Keywords: [“Baptist”,”slavery”,”evidence”]
Source: https://necpluribusimpar.net/slavery-and-capitalism

History Research Paper Christian Economies: Towards a More Compassionate Capitalism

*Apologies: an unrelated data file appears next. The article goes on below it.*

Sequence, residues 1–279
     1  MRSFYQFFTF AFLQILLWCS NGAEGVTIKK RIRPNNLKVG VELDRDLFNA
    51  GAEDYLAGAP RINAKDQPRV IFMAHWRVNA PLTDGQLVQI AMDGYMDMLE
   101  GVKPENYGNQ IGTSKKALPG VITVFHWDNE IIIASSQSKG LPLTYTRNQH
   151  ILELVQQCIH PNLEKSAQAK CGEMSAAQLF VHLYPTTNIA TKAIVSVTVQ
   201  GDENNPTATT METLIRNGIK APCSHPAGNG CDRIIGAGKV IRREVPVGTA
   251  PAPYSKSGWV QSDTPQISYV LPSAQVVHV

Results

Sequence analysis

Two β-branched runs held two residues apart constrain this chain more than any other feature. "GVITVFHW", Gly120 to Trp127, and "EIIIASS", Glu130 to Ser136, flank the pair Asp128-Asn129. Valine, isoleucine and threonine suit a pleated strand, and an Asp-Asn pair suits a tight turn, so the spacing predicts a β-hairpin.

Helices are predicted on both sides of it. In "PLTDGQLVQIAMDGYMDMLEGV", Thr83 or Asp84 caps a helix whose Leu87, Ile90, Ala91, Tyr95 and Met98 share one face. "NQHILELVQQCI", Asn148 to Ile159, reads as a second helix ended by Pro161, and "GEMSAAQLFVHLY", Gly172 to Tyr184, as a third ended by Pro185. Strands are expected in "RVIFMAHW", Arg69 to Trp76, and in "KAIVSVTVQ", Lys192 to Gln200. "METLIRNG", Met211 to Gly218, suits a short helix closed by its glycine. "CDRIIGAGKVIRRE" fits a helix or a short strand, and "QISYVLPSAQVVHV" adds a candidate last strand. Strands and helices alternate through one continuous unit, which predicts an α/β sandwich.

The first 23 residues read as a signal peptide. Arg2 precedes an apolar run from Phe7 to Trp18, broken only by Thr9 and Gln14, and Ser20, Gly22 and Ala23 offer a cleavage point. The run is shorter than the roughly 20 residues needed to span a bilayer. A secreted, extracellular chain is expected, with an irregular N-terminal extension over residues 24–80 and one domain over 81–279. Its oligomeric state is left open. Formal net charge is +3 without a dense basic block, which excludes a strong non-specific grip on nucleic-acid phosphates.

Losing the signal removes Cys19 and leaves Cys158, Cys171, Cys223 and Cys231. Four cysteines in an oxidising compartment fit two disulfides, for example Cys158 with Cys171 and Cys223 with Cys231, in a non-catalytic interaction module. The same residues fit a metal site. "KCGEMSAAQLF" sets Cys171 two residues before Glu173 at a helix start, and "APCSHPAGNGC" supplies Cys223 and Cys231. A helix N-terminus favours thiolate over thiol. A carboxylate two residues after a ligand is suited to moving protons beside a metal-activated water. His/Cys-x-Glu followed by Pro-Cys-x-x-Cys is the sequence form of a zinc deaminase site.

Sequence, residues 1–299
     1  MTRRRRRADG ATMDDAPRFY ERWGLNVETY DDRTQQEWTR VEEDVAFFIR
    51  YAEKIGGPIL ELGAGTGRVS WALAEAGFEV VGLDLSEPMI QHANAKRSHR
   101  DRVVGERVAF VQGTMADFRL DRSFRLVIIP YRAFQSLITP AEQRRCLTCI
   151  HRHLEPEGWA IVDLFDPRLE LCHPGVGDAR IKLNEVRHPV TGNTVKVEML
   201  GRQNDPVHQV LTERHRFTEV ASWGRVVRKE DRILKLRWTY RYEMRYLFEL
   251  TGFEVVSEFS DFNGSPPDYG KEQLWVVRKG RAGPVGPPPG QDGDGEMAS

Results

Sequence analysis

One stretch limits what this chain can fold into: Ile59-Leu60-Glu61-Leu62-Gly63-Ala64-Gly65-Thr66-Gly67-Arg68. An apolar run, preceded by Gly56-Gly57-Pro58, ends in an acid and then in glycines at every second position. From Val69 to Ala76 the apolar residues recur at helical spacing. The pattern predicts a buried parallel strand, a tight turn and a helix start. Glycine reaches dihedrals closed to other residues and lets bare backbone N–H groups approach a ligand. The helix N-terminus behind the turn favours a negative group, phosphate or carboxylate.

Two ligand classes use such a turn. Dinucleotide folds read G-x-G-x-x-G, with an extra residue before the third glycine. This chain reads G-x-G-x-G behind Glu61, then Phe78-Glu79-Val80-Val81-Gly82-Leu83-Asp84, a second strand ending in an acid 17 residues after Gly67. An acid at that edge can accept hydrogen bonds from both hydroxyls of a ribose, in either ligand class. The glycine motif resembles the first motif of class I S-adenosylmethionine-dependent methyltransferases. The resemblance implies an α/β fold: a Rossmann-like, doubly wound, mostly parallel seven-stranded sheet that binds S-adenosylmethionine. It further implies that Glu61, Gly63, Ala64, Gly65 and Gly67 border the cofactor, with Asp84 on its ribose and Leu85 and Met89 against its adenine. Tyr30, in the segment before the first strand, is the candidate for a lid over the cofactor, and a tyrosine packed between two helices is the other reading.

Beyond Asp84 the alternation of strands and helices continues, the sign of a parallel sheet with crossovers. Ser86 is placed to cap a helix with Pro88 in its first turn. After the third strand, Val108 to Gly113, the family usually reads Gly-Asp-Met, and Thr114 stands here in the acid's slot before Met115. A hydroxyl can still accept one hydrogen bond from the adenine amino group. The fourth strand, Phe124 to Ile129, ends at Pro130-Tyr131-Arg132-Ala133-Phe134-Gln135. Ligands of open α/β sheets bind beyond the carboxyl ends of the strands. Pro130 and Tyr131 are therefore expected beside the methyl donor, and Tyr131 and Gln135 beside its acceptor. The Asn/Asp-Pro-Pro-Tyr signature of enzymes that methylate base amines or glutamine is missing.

The purpose of this paper is to educate Christian leaders about the relationship between the history of Christianity and the Church’s relationship to markets, economic systems, and the development of global capitalism. More specifically the audience is economic decision makers in old-line Protestant churches, such as those on denominational finance and administration boards, foundation and pension fund boards, and social and economic justice commissions. Throughout history there have been dominant and subaltern Christianities and economic systems. The author’s experience working in economic justice in order to invent a more compassionate economic system brings with it paired beliefs in Christianity and Capitalism, along with a clear perspective of how important it is to temper free-markets with compassion. If God rules the world, what are we to make of economic injustice? The images of God contained in the Hebrew Bible range from a God who encourages the seizure of land 1 Many, but not all, of the more compassionate counter-cultural economic systems were motivated by subaltern Christian or religious communities including communities of women. 9 Although history often claims that the Christian crusades as religious wars to gain control of sacred places, the underpinnings were motivated by economic reasons. 3 Robyn Morrison IDS 1022 Christian Economies April 18, 2007 Through a practice of continually moving towards the periphery of society, monasticism was a force for spreading Christianity beyond the territory of the Christian Empire. Including Max Weber, linked the rise in capitalism to the influence of Protestant Christianity, it was more a failure of Protestant Christianity to offer a sufficiently influential counter-cultural force to resist the unfettered greed of capitalism that allowed the negative conditions of capitalism to thrive. 37 Weber himself believed that “Unlimited greed for gain is not in the least identical with capitalism, and is still less its spirit.”38 With the declining influence of Christianity in the dominant European and North American industrial age economies, the impetus for a more just and compassionate economic system came primarily from outside of mainstream Christianity. 41 Varying responses to 19th Century Capitalist Christianity The movement of Christianity into the Pacific Islands was an experience of clashing economic world views, a contrast of the island communitarian subsistence economies with 19th Century Christian materialism. Hitler neutralized the Christian Church and motivated German Christians to engage in violence promoted as “The salvation of Germany from the chaos of Bolshevism and the destruction of Christian Europe.”44 Hitler appealed to the economic suffering of the middle class, and stimulated the economy with nationalism and military spending. Going much further than John Wesley did with the doctrine of the preferential option for the poor, Gutierrez and others have taken Christianity back to 43 Support for the Social Gospel movement was widespread. According to David Chidester a 1930’s in a survey of 20,000 clergy, only 5% favored capitalism as an economic system; 28% favored some form of socialism; 75% supported the socialist party candidate for President.